Monday 20th January 2014
This is one of the four traditional houses left in the Altstadt (Old Town) that still brew and serve Altbier in their beautiful pubs. This is the most northerly and is slightly off the beaten track compared with the other three. To my mind this is a positive advantage as the Altstadt can be a bit manic, especially on Fridays and Saturdays. It has 300 bars and restaurants and is known in Germany as "The longest bar in the world".
On top of that there is the Carnival for which preparations were already underway when I visited. Düsseldorf is a Catholic city and the observation of Lent and the celebrations after it ends, are taken very seriously indeed.
The celebrations are quite exceptional with massive pub crawls by many drunken people in fancy dress. The open spaces and squares are occupied by fairs and astronomical amounts of Altbier are consumed.
As can be imagined, there is a considerable story behind the "Brewery in the Little Foxes". It may sound a somewhat strange name but it becomes a bit clearer if I give you an abridged history.
Ratingerstrasse (the road to Ratingen) dates from around 1640 and there was a house at 28 almost from the beginning. By 1770 it acquired the name "Little Foxes" although it was still a residential property. By the early nineteenth century it had become a private school.
A brewery was established in the building in 1848 and thus the name now makes sense. Some time after that the adjacent property, no 30 was incorporated into the brewery. This was also a brewery known as the Zum Jungen Bären (at the Young Bears), so this must have been the name of the building that the brewery was in. Life continued uneventfully for some time after that; after all it was one small brewery in a city full of them.
In 1908 it was purchased by Theodor and Louise König. Following the Great War the pub did not open. That fact is known, but there are two differing reports about the length of the closure.
One says it was closed for six years, the other that it didn't open till 1930. I'm not sure, but the former seems to be the most plausible. Just supposing that the date is a typo and should read 1920, it would make sense; four years closed during the war followed by another two to restore it to production.
The brewery was completely destroyed by allied bombing during the Second World War and was then rebuilt and reopened in 1950. It has been modernised since and with the arrival in 1995 of the fourth generation of the family in the form of Peter König, this has continued. When I first visited here it was the 1980s, and back then it was very small, nothing wrong with that of course, probably better in reality. I do believe the public rooms in the pub have been extended since.
The brewery has certainly been expanded. It now produces around 27,000hl per annum and the beer goes to 75 outlets (bottled beer to shops, mostly) and around 40 restaurants and bars are supplied with draught beer.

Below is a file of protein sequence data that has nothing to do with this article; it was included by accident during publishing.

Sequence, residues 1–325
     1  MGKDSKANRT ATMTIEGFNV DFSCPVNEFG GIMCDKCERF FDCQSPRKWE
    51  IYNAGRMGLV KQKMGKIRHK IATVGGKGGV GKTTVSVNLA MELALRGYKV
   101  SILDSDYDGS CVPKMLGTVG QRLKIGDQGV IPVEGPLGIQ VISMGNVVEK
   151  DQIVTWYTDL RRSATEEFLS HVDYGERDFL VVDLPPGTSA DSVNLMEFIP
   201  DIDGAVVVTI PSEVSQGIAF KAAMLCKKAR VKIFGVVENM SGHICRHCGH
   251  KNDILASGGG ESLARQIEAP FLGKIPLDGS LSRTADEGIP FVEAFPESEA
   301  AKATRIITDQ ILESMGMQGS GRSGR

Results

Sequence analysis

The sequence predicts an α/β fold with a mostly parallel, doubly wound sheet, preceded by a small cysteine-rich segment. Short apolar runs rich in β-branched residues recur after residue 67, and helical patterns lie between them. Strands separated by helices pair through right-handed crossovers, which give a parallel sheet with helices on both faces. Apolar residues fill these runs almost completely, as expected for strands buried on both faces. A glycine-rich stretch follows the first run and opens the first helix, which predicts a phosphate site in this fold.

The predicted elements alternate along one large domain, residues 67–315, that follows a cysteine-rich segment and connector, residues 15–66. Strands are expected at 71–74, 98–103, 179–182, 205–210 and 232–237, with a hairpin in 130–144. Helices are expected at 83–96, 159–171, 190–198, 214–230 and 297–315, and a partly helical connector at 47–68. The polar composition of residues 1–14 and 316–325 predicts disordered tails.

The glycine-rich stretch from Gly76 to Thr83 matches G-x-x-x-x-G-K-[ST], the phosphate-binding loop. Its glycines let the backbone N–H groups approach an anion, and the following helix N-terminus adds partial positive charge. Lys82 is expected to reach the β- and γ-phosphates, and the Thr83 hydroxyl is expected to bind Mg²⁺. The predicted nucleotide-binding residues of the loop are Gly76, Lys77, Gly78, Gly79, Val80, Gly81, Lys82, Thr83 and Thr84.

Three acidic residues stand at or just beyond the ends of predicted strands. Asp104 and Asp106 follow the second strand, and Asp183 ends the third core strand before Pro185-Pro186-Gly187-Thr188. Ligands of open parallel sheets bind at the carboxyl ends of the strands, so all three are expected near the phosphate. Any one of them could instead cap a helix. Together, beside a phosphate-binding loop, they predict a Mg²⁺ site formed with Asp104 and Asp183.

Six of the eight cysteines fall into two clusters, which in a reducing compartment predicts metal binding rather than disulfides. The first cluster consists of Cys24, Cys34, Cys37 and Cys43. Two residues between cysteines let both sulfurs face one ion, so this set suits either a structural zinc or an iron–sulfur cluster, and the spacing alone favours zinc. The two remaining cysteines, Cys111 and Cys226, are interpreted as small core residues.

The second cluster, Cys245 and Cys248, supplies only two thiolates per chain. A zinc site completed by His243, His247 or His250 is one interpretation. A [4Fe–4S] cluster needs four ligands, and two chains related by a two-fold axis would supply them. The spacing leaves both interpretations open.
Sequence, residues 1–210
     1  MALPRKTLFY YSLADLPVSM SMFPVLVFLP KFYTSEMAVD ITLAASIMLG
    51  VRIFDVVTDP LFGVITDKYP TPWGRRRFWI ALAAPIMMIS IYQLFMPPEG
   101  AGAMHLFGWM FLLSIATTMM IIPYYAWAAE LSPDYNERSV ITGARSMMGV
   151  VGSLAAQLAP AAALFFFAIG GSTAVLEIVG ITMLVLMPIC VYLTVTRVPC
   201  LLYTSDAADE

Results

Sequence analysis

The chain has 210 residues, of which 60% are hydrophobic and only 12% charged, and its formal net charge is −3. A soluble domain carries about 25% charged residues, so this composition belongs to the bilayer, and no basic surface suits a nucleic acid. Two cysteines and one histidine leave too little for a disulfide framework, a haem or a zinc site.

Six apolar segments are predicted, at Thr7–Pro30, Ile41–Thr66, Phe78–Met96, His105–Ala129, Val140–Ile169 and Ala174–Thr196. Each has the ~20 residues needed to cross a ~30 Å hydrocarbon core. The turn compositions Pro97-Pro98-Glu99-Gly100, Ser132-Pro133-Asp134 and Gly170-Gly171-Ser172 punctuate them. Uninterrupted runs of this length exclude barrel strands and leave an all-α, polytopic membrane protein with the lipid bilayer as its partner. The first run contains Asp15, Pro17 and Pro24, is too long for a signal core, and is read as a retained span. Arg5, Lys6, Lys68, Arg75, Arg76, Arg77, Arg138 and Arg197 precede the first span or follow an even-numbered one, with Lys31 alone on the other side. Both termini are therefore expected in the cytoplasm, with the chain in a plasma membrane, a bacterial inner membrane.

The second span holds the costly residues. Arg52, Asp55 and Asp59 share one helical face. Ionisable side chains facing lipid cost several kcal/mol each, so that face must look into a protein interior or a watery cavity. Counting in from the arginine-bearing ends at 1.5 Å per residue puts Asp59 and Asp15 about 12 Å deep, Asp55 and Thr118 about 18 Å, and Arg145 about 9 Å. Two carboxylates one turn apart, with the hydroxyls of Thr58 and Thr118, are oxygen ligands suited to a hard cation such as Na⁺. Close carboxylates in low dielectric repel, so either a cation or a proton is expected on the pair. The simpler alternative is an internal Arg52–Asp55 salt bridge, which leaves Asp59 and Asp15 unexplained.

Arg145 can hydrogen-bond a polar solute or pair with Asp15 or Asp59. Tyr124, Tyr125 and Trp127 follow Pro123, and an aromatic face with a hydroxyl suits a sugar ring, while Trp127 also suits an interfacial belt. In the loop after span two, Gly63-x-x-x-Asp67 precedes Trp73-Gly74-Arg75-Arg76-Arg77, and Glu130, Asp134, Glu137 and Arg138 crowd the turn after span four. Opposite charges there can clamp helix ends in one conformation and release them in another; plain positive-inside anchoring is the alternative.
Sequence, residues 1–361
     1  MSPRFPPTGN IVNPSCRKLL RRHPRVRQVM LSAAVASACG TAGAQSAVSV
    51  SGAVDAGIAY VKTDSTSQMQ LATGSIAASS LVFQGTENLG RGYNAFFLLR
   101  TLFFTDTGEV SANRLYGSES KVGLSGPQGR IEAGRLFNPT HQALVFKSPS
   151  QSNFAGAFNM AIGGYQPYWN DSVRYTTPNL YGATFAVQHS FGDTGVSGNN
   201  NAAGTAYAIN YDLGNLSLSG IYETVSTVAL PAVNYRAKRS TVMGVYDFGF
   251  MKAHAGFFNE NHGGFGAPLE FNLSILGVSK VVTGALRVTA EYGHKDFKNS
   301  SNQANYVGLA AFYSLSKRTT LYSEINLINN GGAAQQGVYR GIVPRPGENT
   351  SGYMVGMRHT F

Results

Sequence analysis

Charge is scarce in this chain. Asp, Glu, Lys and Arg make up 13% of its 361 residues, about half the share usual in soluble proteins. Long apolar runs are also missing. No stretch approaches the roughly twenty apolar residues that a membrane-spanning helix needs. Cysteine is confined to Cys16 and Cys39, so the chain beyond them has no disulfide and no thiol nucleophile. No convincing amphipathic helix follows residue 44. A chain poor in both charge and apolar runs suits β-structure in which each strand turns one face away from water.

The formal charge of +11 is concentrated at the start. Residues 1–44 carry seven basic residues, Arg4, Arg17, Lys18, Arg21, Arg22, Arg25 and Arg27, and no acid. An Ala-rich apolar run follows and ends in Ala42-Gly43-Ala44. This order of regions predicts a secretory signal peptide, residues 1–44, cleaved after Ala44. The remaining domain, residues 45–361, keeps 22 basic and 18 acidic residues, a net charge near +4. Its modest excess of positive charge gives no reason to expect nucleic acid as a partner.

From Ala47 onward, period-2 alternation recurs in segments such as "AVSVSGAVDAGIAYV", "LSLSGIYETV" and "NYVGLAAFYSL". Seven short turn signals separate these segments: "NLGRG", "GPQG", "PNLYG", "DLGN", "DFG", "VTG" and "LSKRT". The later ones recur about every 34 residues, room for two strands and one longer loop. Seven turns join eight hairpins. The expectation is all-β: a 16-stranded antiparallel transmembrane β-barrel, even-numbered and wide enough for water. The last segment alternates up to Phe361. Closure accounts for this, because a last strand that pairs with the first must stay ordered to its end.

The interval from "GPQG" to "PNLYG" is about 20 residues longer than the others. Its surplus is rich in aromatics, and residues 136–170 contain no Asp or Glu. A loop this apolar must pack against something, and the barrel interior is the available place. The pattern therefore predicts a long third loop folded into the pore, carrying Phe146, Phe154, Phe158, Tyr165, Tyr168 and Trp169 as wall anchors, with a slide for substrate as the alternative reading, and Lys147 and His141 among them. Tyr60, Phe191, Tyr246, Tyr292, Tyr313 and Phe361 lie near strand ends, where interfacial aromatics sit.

Obviously the main beer is Füchsen Alt (4.5%) and this one has, at various times, been my favourite. Basically I can't make my mind up between the products of three of the traditional breweries.
A new development is bottled Weizen (wheat) beer called Silberfüchsen (Silver Foxes), From 10th November each year there is Weihnachtsbier (Christmas beer), a stronger version of the normal Altbier is available in the pub.
I walked down to the pub from the U-Bahn station of Tonhalle / Ehrenhof. On the way I passed the rear of the brewery in the next street and noticed their lorry being loaded with beer for delivery. Around at the front door I couldn't help noticing the two very odd sentry boxes either side. May be there are posh shelters for the bouncers during the days of the Carnival?
Inside this is a classic pub. Most of the seating is in rooms to the left and rear of the pub. I took a seat on the high seats opposite the two wooden barrels perched on the high bar that were being, ever so slightly, emptied of the beer I had just ordered. Of course, it was as good as ever. There is a small room behind the main serving area and at one end is a lovely statue of a life size fox drinking from a barrel.
On the corner of the bar the Thekenschaaf is to be found. This is where the manager lives and it is his office. The word is in the Rhenish dialect of the area and it is often abbreviated to just Theke. It is also known as the "confessional" because of its resemblance to a confession box. No traditional pub in the northern Rheine area should be without one.
Of course, there is a full menu with all of the local specialities.
This pub is an essential visit should you be in Düsseldorf.
Brauerei im Füchsen, Ratingerstrasse 28, Düsseldorf 40213. Tel: 0211 134470
Open: Monday-Thursday 09.00-01.00; Friday-Saturday 09.00-02.00;
The pub is less than ten minutes walk from Heirich-Heine-Allee, the main transport centre in the Altstadt, and is about the same from anywhere else in that part of the city.
Nearest U-Bahn station is Tonhalle/Ehrenhof, the last stop on the east side of the Rheine.
It is only about five minutes away and is served by the following routes:
U70, U74, U75, U76 and U77.